Why lager works: The tangy tamarind, peanuts, and mild spice in Pad Thai pair beautifully with the crisp, clean flavour of a lager. The beer’s carbonation helps to refresh the palate, enhancing the overall dining experience.

Suggested lager: Singha, a famous Thai lager, is a fantastic choice. It’s brewed to pair perfectly with local cuisine.

Is Singha or Chang better?
Time for a Singha-ling

2. Spring Rolls

Why lager works: Spring rolls, often filled with vegetables and sometimes shrimp or pork, are light and fresh, and they match well with the gentle flavour of a lager. The beer’s refreshing qualities complement the roll’s ingredients without overpowering them.

Suggested lager: Try a classic pilsner like Pilsner Urquell, which offers a slight bitterness that can enhance the flavours of the dipping sauce.

3. Chicken Satay

Why lager works: Dishes like chicken satay, which are flavorful but not overly spicy, benefit from the balanced taste of a lager. The beer’s crispness can enhance the subtle flavours of these dishes.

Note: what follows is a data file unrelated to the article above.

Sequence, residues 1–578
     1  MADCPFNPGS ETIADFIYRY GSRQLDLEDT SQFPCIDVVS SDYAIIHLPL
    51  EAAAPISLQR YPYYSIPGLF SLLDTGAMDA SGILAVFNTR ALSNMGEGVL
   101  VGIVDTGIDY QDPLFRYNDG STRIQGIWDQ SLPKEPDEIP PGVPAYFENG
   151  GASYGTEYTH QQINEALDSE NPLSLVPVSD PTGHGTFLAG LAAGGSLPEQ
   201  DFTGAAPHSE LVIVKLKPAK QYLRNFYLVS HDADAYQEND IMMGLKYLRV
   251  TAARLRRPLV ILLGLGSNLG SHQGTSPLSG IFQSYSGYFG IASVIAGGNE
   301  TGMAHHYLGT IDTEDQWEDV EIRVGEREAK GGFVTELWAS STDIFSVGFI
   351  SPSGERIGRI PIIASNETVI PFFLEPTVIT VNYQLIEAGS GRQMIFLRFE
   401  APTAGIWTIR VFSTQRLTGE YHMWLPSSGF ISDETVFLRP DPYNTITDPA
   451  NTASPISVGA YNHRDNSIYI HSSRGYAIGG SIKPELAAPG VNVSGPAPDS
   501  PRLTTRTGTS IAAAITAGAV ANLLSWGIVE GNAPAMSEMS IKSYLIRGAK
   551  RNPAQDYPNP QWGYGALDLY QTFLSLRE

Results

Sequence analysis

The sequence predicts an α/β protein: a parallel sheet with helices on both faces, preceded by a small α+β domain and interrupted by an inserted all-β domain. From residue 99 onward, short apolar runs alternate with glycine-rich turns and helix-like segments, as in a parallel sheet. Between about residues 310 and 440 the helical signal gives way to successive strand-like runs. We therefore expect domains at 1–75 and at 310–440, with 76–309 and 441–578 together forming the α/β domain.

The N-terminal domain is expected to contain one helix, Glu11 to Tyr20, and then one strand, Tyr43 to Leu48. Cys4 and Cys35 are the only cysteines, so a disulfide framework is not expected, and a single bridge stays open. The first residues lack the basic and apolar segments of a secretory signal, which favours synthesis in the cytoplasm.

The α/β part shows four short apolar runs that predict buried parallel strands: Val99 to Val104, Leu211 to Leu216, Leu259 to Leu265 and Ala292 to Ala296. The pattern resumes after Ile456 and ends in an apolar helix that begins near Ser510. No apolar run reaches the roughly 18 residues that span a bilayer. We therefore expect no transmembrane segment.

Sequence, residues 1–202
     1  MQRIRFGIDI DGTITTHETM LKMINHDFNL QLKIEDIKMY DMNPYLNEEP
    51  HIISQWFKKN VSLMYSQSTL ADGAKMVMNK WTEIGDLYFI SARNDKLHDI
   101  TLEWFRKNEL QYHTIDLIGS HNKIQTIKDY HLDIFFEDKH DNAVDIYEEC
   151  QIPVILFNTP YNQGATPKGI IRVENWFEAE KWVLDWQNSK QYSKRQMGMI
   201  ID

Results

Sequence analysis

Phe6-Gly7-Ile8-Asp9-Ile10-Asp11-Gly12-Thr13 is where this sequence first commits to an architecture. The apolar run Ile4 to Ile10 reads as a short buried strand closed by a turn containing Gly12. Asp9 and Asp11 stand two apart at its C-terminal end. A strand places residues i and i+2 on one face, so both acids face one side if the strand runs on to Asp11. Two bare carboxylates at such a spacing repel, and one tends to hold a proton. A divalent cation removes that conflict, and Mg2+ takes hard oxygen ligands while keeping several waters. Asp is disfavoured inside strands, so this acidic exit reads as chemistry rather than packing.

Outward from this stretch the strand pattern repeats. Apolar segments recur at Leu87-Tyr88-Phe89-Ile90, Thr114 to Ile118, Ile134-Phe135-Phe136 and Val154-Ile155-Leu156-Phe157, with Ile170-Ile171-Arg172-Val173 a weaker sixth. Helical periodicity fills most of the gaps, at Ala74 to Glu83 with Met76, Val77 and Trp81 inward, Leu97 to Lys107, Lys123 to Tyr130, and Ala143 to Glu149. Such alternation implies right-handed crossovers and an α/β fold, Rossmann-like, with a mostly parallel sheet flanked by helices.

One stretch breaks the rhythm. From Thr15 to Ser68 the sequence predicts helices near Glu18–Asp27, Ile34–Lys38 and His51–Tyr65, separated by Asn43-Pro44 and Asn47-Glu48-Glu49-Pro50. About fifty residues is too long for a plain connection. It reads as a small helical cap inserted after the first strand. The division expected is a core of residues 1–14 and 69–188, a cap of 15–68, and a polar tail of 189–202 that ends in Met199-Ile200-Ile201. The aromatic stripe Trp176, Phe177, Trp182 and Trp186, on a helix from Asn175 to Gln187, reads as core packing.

Suggested lager: A Munich Helles lager, such as Weihenstephaner Original, offers a smooth and slightly malty profile that pairs well with these milder options.

Lagers are a versatile and crowd-pleasing choice when enjoying Thai cuisine. Their light, crisp qualities can enhance various dishes, from the zesty and savoury Pad Thai to fresh and vibrant spring rolls. So next time you’re enjoying your favourite Thai meal, grab a lager and see how well it complements the flavours on your plate. 

Wheat Beer: Refreshing and Versatile

Wheat beers are also a fantastic choice when pairing beer with Thai food. Their refreshing and slightly fruity qualities make them an excellent match for various Thai dishes, especially those with many herbs and spices.

Why Wheat Beers Work

Wheat beers are typically light to medium-bodied with a crisp, refreshing finish and often have hints of citrus and spice. This makes them perfect for complementing the bold flavours and herbs commonly found in Thai cuisine. Wheat beers’ fizziness helps cleanse the palate, and the subtle fruitiness of a wheat beer can also enhance the flavours of many Thai dishes.